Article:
In a majority of Western countries, the skies have started to get as crowded as the lands. This is what has been holding back the technologically appropriate drones from rendering useful services. The hype created around the technology matches the ground reality. The drone service has, by far, just been used to deliver Amazon Christmas gifts and even pizzas in a couple of cities, whereas, if considered, this technology can deliver so much more useful services. However, the quieter skies of South Africa have witnessed some of the most wonderful uses of the drones.
In the countries of Zimbabwe and South Africa, drones equipped with night vision cameras have been used by the rangers to track poachers. They also assist the security team in navigating their ways through the forests and capturing the poachers. A local startup in Cameroon is selling their aerial techniques of mapping and imaging services to the business firms as well as the government, which involves the use of some very advanced drone technology. Farmers in Sudan are using these services to sow seeds for their crops. The people in African countries seem to have harnessed this technology and use it for the purpose of saving lives as well.
Drones are being used to deliver life saving medicines in countries such as Ghana and Rwanda. The extremely wide horizon of making a meaningful impact was what convinced Gavi, the global vaccine alliance, to nurture and fund the development of drone delivery service in the countries of Africa. Gavi funded the capital costs in partnership with the social arm of delivery giant UPS, the Bill and Melinda Gates Foundation and Pfizer. The drones have been exploited to their fullest potential in providing a cheaper, more efficient and more reliable way of delivering just-in-time supplies of medical and other related necessities to rural, remote or nomadic communities as compared to the traditional transport systems of the modern era. A test run of the drone supply system was first conducted in a small, mountainous region of Rwanda in 2016. This proved to be successful in alluring the Ghanaian President and Anthony Nsiah-Asare, Director-General of Ghana Health Service, towards the simple yet very effective way of advancing Africa’s intractable infrastructure by leaps and bounds. Anthony’s enthusiasm, propelled by the aim to provide drugs to people with bad roads, flooding problems and other infrastructural and logistical difficulties, led to the creation of Zipline, now known as the world’s largest drone delivery program.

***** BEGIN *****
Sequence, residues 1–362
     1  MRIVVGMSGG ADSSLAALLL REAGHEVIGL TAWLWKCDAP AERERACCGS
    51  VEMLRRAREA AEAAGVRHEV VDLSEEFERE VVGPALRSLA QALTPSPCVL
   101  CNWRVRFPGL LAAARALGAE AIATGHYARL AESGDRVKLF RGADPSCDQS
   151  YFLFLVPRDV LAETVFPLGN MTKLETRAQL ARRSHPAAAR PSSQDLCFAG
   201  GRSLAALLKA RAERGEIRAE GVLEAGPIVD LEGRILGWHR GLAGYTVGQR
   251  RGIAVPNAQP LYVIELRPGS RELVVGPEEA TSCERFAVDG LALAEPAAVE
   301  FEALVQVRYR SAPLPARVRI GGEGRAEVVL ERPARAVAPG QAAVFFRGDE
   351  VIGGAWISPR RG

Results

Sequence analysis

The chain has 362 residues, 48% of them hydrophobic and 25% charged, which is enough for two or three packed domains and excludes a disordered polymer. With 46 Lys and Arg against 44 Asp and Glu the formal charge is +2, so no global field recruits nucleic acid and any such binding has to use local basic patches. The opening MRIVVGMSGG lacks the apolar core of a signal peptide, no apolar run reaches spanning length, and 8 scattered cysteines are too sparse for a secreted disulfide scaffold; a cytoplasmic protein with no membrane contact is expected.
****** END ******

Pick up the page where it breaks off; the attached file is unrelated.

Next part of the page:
The service was launched by the Ghanaian government on April 24th, 2016 as part of its integrated health care system and proved itself on the very first day of its operation, when it delivered magnesium sulfate for a woman in labour with dangerously high levels of blood pressure, insulin to a patient in ketosis and lifesaving blood to an injured man. The program has reached to 15 Zips in Rwanda and flown a distance of more than 200,000 miles, delivering 7,000 units of blood in 7,500 on demand flights. An additional base is due to be opened in the coming year which will deploy 30-35 extra drones. The Zipline drones are escalating beyond their original cargo of blood and have initiated the supply of vaccines, HIV medicine, IV tubes, sutures, snake anti venom and drugs for rabies, which is currently responsible for taking lives of around 2,000 people a year.
The new generation of Zip drones that are to be introduced in Tanzania, are being designed to fly further and faster and even with a heavier payload than the current drones are limited to. Apart from saving millions of lives, rapid response plans are being put up to deal with disease outbreaks as soon as they are detected by Zipline in cooperation with Rwandan and Tanzanian governments. In such cases, transporting medicines instantly to cut-off areas will not only save lives, but also lower the risk of highly contagious diseases like Ebola being spread and even running out of control. Early intervention also contributes to saving scarce financial resources.
The western countries are also catching up slowly on the benefits of the technology. Britain has undertaken about five projects to test trial delivery of parcels, medical supplies and organs for the transplant. In America, a thumbs up for the city and state governments to experiment with the technology is expected very soon by the federal administration. Governments in other developing countries are also gearing up to deploy an increasing number of drones as means of healthcare solution and saving more and more lives.
Picture Courtesy- Techgist Africa